A progressive property tax
Living in a highly unequal society for me means living in a socially dysfunctional society. I live in England. So many of the problems I complain about have, at their root, our local tolerance of gross inequality.
In January 2014, when I was last asked the question of ‘what one thing would I do’ I gave what for many was an unexpected answer. I suggested promoting reducing speed limits on residential roads, by shops and schools to 20mph. You may not think of fast cars as being a product of economic inequality, but in more equitable countries people are far more likely to live in cities where the cars are restricted to 30kmph speeds (about 18.5mph). The effect of slowing down cars is not just to reduce accidents and deaths, especially for children and the elderly. When cars are slowed down we all become a little less individualistic and intolerant.
During the last twelve months Transport for London has announced 20mph trials on certain red routes in London. Greater Manchester has announced that some 1,800 roads will be limited to 20mph. The cyclist Chris Boardman has backed the 20’s Plenty campaign and NICE, the National Institute for Health and Clinical Excellence, released a report titled “Preventing unintentional injuries among under-15s” which recommends, on preventative clinical grounds, 20mph limits where children and young people are likely to be”.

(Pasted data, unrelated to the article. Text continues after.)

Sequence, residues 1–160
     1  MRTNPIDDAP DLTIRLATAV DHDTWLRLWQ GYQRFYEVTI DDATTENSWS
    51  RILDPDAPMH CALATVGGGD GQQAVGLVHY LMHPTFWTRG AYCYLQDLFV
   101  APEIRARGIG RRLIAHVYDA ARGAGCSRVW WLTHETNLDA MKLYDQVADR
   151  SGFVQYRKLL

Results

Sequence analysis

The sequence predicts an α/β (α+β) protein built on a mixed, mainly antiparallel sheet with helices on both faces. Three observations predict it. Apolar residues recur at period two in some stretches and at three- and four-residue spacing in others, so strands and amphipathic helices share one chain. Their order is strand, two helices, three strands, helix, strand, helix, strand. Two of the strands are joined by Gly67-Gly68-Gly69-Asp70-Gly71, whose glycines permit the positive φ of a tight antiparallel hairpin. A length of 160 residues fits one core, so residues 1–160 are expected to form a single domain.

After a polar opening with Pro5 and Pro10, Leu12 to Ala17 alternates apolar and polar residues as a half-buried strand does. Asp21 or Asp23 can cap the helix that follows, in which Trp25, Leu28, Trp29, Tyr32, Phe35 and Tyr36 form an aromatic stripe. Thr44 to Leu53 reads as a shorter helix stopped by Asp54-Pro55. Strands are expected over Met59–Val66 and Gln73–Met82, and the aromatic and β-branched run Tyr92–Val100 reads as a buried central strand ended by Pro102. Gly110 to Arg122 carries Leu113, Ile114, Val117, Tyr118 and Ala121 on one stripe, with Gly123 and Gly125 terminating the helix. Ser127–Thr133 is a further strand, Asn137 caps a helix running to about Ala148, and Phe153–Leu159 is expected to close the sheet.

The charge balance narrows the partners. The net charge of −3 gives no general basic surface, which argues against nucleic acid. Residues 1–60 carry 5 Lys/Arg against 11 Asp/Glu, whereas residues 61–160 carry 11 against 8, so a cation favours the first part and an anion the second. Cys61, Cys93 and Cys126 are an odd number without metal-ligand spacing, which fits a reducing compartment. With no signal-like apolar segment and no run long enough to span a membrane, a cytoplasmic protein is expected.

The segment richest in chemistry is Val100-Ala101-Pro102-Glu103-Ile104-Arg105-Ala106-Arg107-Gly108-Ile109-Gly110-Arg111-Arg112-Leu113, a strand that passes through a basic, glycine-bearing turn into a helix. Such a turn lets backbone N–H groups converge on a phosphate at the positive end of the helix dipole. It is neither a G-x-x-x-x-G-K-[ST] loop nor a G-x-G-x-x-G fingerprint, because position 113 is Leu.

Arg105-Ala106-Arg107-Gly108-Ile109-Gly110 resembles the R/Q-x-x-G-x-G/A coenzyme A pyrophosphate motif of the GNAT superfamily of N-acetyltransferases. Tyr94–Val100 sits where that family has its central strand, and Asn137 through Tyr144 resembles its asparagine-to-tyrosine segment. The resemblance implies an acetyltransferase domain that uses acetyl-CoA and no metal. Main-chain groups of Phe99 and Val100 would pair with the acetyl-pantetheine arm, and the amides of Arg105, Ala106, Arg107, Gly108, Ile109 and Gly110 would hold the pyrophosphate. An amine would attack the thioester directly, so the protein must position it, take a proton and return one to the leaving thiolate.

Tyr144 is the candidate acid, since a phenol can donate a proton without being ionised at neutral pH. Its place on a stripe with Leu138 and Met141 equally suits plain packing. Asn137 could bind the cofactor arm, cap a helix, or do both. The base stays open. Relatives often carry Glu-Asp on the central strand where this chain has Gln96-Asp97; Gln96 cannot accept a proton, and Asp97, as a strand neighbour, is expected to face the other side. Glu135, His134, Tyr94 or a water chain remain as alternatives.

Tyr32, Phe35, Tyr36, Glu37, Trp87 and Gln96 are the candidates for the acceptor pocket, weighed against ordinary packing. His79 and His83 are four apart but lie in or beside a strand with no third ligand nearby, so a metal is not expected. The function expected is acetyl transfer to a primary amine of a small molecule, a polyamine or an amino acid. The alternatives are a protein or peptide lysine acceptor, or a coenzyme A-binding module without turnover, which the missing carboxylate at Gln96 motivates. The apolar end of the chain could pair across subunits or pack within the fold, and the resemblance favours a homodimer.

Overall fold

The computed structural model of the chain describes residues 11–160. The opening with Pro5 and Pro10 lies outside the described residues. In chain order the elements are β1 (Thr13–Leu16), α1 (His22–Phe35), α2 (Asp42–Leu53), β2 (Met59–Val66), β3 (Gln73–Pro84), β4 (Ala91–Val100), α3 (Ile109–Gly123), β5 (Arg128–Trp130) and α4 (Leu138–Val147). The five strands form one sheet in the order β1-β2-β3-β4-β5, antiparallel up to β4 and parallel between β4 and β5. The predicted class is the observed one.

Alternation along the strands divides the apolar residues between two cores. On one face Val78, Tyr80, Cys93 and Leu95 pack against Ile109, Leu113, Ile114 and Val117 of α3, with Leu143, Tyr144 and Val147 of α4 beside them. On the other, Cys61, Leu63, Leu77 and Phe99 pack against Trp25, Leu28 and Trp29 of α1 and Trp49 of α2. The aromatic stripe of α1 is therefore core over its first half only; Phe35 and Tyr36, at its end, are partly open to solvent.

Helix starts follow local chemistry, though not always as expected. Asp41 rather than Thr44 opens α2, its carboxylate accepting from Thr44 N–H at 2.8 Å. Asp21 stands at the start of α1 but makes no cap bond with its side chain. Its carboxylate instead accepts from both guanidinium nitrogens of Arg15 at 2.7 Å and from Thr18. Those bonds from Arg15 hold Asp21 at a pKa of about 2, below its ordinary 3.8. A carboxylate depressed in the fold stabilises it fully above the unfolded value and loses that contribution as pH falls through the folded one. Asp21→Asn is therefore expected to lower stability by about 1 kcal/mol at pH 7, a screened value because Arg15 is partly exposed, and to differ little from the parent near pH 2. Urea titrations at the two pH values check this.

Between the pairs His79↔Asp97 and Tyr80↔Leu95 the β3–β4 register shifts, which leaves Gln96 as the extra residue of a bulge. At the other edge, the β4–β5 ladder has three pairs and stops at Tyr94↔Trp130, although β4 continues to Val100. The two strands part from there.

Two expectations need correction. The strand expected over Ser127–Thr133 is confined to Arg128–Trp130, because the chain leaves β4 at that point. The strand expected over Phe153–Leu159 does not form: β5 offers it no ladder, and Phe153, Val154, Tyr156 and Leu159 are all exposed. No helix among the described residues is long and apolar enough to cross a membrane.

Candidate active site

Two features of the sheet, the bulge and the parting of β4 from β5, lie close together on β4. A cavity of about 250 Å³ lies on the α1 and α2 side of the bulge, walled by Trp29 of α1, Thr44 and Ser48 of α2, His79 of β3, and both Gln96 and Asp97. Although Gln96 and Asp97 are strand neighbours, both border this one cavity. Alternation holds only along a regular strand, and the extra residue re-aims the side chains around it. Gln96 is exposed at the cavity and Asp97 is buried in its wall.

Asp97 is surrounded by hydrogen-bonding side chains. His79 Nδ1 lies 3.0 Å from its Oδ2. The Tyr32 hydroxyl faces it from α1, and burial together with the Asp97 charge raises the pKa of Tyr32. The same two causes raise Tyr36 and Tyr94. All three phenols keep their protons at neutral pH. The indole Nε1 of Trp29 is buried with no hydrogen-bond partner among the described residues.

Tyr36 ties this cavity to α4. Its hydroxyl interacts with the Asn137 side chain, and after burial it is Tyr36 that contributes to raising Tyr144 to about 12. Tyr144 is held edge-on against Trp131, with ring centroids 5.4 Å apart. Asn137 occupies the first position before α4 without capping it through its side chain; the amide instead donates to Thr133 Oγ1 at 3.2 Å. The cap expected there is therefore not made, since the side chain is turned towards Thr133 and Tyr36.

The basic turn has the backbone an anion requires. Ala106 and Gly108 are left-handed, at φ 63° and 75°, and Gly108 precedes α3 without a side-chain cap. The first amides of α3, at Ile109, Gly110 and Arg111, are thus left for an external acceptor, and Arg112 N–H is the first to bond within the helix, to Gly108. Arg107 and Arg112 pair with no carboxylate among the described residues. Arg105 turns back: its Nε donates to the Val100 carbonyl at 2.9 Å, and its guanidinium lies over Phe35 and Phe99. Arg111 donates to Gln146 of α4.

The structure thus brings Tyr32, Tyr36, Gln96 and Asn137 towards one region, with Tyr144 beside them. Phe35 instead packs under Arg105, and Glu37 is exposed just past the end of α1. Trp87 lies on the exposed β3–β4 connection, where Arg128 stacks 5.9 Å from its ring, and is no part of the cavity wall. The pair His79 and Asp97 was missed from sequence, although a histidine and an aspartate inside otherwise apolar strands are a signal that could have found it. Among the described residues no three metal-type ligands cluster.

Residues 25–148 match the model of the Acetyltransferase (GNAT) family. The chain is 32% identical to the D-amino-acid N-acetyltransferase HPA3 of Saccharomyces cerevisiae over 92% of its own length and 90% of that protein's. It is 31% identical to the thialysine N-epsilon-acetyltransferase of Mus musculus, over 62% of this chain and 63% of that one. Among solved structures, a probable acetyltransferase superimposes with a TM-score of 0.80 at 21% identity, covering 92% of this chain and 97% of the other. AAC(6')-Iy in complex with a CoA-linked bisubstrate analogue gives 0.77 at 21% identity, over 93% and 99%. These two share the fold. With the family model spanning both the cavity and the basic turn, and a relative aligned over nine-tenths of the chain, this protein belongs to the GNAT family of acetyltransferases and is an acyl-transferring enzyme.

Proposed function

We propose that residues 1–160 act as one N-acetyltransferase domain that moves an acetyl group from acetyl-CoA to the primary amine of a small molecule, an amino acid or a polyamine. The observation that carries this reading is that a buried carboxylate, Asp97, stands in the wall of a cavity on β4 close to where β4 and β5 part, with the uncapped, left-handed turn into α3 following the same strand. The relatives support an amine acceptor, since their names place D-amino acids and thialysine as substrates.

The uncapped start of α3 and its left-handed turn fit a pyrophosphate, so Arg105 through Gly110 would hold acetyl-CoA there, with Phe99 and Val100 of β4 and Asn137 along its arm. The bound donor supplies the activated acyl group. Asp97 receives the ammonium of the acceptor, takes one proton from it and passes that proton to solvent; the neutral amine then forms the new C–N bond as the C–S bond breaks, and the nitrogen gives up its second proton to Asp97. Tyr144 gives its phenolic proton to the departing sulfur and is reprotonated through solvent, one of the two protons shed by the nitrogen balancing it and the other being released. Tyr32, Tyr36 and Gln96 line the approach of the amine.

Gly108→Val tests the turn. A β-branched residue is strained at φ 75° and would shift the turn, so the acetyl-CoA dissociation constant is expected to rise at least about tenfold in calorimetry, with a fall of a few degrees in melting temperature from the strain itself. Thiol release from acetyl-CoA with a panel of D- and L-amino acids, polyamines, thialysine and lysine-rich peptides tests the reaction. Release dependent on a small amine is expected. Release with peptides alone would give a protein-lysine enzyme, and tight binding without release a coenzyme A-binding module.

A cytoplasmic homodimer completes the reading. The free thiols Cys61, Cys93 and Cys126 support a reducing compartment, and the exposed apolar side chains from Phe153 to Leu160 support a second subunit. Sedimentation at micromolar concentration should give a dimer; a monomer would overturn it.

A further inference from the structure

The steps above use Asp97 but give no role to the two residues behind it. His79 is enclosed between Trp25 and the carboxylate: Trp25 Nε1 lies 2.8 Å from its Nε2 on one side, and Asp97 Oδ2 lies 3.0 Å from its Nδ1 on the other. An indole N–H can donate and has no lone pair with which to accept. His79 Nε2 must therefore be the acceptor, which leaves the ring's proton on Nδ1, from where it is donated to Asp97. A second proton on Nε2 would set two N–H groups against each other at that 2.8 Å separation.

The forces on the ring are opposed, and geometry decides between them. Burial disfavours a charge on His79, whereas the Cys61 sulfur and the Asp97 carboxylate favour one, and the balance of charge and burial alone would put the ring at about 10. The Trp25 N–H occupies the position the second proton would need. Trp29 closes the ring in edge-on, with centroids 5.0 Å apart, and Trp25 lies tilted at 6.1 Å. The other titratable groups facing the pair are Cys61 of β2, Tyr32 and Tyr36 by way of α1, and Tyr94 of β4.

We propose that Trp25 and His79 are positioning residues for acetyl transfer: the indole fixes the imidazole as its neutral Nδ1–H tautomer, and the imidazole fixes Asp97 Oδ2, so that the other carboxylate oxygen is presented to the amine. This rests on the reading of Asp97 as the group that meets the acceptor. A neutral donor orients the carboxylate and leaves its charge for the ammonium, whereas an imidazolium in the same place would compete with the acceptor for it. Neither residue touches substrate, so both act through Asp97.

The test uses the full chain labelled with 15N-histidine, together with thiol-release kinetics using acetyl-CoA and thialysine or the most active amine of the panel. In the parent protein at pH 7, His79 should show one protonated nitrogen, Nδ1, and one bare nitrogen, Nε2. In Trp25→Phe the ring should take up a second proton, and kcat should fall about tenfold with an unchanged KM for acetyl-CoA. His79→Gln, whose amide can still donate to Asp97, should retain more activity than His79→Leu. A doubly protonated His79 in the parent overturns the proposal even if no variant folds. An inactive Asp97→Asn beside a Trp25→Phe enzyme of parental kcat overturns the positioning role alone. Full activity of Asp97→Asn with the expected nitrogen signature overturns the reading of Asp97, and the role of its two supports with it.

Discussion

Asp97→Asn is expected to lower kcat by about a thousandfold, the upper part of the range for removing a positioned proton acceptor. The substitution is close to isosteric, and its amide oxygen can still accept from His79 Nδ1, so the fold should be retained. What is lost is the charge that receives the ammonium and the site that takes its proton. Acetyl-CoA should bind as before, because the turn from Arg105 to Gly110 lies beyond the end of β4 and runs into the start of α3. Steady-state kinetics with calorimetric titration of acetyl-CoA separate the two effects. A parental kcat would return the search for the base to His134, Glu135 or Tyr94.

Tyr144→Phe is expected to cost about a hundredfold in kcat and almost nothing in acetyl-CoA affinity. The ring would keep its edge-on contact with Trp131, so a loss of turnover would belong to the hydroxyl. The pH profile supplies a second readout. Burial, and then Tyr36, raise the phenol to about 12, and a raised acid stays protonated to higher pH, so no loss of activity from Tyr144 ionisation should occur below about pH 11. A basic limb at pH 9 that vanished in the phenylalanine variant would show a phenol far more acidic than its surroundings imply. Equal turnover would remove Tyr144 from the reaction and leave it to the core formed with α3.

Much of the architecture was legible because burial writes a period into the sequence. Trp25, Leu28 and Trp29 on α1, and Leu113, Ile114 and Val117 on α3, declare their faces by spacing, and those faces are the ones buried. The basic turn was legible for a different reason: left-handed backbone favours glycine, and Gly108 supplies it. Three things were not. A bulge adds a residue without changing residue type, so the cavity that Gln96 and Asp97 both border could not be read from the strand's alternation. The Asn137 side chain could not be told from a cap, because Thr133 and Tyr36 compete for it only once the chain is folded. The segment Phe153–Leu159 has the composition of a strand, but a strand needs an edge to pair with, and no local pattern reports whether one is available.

It is easy to think that progress is hard to achieve if you do not stop, take stock, and realize just how much is being achieved all the time. More so under the most difficult of circumstances, when the greatest of cuts are being made and in an atmosphere where it is usual to say that the devil can take the hindmost, even when the hindmost is a child who crosses the road too slowly.
We cannot just do ‘one thing’. We have to do many things, but we can only do one thing at a time, and we need to keep on doing this otherwise the pressure of those who lack empathy and understanding will drive us backwards.
So, what one thing would I suggest for 2015? I think we have to ask “why are housing prices so high in London and so unaffordable in much of the rest of the country?” One answer is that London is an attractive place for the super-rich and mildly super-rich to park their money, to promulgate their views and to congregate. They do this for one reason above all others. In London their money is safe; safe from being taxed.
Read the full text in Among Equals (Spring 2015) published by the Equality Trust: